UCSF           UOP      USC      Western

218.33         212.33   210.57   192.86


STANDARD DEVIATION

               ESSAY

UCSF           UOP      USC      Western

4.509          9.609    9.519    4.243

               M.C.

UCSF           UOP      USC      Western

15.948         22.502   22.441   23.681




January 2003                         4
                    U.S. SCHOOLS OF PHARMACY:

SCHOOL                                  # CANDIDATES


Auburn                                  PASS      2
                                        FAIL      1

Samford (Alabama)                       PASS      0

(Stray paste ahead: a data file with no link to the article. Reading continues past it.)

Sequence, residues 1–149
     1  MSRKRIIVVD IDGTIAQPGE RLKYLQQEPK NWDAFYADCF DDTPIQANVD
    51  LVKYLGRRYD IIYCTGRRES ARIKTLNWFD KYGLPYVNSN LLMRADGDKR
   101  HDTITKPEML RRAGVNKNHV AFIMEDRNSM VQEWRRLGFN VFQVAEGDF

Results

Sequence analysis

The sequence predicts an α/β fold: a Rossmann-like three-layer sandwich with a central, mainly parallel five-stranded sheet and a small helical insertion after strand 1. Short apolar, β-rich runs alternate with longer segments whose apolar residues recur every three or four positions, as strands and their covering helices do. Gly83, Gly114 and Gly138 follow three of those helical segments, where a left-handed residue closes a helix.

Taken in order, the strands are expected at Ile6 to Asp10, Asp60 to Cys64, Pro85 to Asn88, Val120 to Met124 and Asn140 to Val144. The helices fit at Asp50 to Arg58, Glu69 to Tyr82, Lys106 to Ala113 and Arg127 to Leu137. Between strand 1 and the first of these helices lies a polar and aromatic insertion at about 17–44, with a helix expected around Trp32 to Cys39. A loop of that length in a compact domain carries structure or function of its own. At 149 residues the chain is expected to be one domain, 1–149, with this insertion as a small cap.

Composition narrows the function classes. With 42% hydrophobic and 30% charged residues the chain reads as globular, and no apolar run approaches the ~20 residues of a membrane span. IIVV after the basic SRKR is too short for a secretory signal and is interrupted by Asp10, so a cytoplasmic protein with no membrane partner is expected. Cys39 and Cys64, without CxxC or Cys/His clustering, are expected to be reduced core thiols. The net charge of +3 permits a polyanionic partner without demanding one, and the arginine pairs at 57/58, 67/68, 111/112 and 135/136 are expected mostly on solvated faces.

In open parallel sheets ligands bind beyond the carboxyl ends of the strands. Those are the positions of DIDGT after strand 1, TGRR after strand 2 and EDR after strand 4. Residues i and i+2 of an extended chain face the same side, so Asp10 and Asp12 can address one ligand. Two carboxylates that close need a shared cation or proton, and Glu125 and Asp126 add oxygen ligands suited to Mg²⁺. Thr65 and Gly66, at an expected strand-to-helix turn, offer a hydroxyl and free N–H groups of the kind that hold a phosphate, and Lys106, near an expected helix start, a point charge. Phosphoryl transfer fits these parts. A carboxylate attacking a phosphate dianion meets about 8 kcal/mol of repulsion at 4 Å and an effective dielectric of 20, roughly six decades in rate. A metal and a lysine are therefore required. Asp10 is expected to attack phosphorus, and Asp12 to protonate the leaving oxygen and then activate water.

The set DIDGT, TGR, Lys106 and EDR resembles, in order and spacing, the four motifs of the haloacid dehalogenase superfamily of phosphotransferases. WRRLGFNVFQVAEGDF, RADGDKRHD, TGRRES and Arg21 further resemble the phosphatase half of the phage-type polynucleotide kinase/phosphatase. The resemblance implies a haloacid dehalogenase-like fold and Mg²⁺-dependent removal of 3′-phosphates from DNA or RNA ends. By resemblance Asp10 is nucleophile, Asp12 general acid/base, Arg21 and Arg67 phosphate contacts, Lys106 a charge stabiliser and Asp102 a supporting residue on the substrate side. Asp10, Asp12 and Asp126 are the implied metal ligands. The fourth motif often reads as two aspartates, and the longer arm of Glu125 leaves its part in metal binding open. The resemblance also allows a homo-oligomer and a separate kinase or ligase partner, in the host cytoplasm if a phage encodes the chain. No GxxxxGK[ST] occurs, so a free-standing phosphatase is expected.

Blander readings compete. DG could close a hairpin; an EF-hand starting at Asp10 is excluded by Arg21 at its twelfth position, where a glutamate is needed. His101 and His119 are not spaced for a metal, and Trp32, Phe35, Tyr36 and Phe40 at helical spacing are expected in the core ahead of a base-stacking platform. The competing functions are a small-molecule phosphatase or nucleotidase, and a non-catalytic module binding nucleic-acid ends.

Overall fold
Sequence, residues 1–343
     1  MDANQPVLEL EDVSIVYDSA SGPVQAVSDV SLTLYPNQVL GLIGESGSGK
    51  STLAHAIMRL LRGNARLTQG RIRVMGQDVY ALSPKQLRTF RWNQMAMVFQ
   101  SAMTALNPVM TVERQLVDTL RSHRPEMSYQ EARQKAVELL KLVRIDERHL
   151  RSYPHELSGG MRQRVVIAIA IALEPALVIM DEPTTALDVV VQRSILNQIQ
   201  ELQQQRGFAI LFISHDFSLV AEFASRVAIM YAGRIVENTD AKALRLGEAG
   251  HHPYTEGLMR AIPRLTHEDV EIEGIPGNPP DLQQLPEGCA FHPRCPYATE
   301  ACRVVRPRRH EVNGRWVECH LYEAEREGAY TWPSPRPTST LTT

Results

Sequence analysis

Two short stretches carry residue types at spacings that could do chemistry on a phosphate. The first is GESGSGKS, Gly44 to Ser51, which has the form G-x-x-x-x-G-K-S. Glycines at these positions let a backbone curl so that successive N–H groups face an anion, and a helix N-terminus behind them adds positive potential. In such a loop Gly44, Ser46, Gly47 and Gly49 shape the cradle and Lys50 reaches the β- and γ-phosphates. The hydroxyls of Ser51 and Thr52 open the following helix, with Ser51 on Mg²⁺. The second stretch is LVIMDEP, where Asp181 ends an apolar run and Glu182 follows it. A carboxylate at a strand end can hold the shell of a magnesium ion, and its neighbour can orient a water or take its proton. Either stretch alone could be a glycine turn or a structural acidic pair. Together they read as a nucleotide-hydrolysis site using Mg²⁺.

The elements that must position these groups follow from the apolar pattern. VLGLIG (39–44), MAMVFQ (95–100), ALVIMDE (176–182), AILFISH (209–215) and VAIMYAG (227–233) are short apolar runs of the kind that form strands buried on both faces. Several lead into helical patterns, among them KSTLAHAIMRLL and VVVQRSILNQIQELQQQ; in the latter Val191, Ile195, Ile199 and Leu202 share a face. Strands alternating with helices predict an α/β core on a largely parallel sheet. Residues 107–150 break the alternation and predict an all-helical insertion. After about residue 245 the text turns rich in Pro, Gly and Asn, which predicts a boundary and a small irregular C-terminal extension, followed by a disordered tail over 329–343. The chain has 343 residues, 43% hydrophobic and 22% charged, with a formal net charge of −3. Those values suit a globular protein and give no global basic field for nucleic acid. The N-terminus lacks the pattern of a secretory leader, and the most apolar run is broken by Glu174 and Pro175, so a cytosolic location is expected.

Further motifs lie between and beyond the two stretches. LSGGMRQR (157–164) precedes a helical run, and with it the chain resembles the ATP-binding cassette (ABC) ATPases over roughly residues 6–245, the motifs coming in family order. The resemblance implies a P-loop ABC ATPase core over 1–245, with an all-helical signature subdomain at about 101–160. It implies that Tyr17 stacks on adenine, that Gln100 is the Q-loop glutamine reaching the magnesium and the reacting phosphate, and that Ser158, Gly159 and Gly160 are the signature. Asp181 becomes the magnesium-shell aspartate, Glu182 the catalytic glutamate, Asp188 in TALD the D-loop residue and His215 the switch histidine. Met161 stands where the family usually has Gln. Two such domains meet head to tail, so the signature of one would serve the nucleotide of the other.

FAIL      2

University of Arizona                   PASS      7
                                        FAIL      3

University of Arkansas                  PASS      1
                                        FAIL      1

U.C.S.F                                 PASS      22
                                        FAIL      5

University of Pacific                   PASS      34
                                        FAIL      7

U.S.C.                                  PASS      32
                                        FAIL      10

University of Colorado                  PASS      2
                                        FAIL      2

University of Connecticut               PASS      2
                                        FAIL      0

Howard University                       PASS      4
                                        FAIL      5